It's a funny thing we do, this writing business. Writers are creatures of contradiction. We're dying to show our work to others, but may crumble when someone offers an opinion that is either contradictory or critical of our expectations. It's excruciating, soul-wrenching work that can destroy your self-esteem and rob you of sleep. So, why do I write? Why put myself through this? The answer is simple. When I'm not writing, I'm not happy. It's something I have to do.
Born in Littleton, New Hampshire as the third of five children to a hardworking mother and father, I have always had books in my life. I read every night and still remember the two bookshelves that stood in the children's room full of images and words that took us on fantastic adventures to far-off places. Growing up with only four television channels (ABC, CBS, VPT, and NHPTV) there really wasn't any alternative. We played outside and we read. Even as we grew up and technology slowly crept into the North Country, that influence held sway. During junior high, I devoured hundreds of books a year (mainly Star Trek novels) and after beginning my freshman year I wrote my first original story. Well, original might be a bit of stretch. I totally ripped off Babylon 5, but it was 33 type-written pages and featured a plethora of characters and some kick-ass space battles. I was damned proud.
Come senior year, my ambition grew and a second, larger story took shape. It was based off the Warcraft II computer game (I openly acknowledged my inspiration this time around) and totaled 88 typed pages. The characters were a bit more complex and I started to address mature themes. Quite the challenge for a boy that had barely left the North Country and wasn't even old enough to vote.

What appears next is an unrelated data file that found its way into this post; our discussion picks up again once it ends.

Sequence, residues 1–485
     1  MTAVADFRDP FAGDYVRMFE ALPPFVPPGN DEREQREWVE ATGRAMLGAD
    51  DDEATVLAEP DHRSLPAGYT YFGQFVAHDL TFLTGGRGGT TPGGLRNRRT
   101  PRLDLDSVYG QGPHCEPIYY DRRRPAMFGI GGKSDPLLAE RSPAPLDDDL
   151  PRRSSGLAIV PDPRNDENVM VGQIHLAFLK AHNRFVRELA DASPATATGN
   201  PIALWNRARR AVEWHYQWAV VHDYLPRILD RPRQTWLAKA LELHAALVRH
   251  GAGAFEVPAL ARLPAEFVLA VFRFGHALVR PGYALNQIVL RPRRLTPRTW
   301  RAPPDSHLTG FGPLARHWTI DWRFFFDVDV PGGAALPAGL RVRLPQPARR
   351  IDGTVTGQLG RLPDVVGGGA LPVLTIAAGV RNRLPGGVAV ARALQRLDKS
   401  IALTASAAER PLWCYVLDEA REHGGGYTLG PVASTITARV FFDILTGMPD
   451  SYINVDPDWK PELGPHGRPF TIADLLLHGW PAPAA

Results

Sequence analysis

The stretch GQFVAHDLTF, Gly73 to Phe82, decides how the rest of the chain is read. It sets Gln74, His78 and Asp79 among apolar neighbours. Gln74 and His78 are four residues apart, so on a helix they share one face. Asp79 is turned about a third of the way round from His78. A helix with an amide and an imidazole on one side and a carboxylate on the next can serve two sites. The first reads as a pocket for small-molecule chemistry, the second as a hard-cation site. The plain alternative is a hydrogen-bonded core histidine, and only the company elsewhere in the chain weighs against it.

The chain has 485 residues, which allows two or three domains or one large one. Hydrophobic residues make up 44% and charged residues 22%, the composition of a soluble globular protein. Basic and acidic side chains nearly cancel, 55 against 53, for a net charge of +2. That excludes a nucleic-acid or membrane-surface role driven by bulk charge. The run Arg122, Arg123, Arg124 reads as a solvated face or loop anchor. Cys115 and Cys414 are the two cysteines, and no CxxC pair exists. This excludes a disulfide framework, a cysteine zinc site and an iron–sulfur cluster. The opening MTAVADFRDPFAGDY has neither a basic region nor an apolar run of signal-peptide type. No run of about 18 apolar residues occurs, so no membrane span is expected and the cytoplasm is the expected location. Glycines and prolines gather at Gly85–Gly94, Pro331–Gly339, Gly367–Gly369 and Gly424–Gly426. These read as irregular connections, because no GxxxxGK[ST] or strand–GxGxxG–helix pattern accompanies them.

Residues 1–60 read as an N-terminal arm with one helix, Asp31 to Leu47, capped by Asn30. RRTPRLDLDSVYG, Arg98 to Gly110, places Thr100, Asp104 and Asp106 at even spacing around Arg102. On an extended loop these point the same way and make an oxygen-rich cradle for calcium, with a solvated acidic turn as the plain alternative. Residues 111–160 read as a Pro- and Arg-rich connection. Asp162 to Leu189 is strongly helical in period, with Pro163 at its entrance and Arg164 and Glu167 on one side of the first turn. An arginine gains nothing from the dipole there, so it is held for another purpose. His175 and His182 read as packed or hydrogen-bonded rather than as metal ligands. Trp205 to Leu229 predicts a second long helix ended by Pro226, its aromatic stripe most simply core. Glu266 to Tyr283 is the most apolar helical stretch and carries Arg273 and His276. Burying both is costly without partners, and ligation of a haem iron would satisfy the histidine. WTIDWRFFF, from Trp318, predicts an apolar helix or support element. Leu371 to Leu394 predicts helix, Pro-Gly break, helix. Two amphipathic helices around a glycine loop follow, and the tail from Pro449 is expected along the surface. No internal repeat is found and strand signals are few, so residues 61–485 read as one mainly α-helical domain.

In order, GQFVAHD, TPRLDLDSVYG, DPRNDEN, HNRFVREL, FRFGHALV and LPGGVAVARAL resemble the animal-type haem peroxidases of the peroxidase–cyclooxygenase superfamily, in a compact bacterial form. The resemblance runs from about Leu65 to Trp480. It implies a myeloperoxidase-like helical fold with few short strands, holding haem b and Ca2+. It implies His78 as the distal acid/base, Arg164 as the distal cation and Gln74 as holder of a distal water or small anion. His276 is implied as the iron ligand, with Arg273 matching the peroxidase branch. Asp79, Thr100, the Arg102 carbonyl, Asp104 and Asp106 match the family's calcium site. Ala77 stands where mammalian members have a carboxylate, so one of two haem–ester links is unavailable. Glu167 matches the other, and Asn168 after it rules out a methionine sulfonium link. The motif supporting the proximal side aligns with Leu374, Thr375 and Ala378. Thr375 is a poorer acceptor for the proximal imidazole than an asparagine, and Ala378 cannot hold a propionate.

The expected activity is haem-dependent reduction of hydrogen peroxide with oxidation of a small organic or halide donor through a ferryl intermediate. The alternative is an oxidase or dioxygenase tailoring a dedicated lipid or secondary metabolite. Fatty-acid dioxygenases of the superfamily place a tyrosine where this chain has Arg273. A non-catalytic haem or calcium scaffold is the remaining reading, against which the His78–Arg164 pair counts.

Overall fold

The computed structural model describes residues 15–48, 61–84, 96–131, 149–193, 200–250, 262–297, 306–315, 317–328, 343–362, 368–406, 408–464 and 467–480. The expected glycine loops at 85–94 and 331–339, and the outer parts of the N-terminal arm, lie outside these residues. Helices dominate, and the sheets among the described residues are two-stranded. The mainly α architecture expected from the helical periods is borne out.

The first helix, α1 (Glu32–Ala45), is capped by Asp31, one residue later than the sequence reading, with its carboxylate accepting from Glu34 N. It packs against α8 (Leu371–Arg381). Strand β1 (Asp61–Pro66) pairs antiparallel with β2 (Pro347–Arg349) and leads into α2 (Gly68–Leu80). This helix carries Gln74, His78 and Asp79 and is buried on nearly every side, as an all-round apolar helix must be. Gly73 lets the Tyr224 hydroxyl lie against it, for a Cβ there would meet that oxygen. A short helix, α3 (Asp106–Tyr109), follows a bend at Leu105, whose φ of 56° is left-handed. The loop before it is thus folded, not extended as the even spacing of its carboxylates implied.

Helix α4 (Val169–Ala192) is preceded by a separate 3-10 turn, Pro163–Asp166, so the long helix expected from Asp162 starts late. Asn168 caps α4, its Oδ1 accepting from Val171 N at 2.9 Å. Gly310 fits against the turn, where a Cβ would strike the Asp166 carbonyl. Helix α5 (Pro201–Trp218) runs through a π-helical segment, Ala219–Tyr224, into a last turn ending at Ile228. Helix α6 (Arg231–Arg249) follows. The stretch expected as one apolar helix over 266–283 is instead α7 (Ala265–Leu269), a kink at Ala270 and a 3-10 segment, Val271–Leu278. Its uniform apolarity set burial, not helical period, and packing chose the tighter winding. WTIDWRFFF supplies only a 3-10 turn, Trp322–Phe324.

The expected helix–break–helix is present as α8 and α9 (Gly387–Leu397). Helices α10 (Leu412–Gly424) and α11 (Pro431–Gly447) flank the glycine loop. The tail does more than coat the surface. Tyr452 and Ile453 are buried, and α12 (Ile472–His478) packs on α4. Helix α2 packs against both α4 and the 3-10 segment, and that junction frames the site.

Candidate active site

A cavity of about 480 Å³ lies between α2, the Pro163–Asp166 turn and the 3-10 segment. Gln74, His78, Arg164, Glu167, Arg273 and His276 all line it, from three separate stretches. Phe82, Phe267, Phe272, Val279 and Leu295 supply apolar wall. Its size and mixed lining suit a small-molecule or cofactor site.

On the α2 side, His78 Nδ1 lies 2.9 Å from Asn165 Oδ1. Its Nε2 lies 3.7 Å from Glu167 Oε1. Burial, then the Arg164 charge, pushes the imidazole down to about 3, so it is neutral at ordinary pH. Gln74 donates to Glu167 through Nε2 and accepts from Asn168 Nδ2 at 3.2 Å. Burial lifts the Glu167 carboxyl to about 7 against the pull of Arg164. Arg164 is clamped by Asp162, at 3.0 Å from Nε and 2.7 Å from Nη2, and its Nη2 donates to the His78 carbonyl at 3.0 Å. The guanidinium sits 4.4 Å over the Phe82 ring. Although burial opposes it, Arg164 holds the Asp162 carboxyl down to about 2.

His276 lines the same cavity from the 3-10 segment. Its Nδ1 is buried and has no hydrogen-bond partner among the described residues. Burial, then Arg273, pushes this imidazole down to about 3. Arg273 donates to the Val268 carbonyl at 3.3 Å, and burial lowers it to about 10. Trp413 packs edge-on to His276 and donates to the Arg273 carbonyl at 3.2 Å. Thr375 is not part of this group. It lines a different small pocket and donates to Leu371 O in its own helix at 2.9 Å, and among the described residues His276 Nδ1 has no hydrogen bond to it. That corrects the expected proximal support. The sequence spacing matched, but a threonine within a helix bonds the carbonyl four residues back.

The experience of drafting and creating these two stories was life-changing. When asked why I spent so much of my time writing these stories, I couldn't give any other answer than, "I love it." My course was set and I graduated high school, bound for the University of New Hampshire and a Bachelor's in English. Here's the odd thing; after four years studying for an undergrad degree, I lost my drive. I lost my love. While the vast majority of my professors were encouraging and supportive there was one that seriously undermined my confidence, and not in a "I'm challenging you to be better" way but a "I really don't like what you write" sort of way. Quite suddenly my thoughts went from, "I love it" to, "Maybe I'm not that good at this." That doubt stayed with me for a long time. I graduated in 2003 and did not write again until 2005. During that time, I was miserable and didn't even realize it. Thanks to the prodding of my father,the steadfast support of my beautiful wife, and the seemingly simple gift of a leather-bound journal, the words came back.
I filled the journal, and then another. Forty-three pages of manuscript were slowly wrung from hesitant fingers, but I had started. The final push came when I joined Southern New Hampshire University's MFA in Fiction Writing. The next two years (2007-2009) were spent honing my craft, finding my own voice, and realizing that I could in fact write. The end result is a book I'm proud of, characters I care about, and a story I'm dying to tell. It's written to the best of my ability and with a genuine care for quality. So, with that contradictory audacity we writers seem to possess, I present my words to the world. I have no idea how this is going to turn out, but I'm writing. And I'm happy.